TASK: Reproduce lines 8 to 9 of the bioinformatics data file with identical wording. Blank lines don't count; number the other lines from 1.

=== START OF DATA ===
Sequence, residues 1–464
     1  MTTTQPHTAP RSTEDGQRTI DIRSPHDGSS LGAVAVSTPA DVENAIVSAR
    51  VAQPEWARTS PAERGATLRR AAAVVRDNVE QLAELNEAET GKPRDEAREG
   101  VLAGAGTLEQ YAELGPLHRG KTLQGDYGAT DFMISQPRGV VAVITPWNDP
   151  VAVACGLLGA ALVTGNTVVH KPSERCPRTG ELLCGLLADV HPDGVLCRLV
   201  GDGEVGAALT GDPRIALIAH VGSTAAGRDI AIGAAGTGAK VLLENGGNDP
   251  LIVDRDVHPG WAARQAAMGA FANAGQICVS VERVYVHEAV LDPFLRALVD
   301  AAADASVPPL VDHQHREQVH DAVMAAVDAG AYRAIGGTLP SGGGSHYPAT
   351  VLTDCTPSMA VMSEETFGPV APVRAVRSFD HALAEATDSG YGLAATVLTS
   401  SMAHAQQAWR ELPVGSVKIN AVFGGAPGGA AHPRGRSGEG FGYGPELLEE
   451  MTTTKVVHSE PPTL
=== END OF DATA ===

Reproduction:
   301  AAADASVPPL VDHQHREQVH DAVMAAVDAG AYRAIGGTLP SGGGSHYPAT
   351  VLTDCTPSMA VMSEETFGPV APVRAVRSFD HALAEATDSG YGLAATVLTS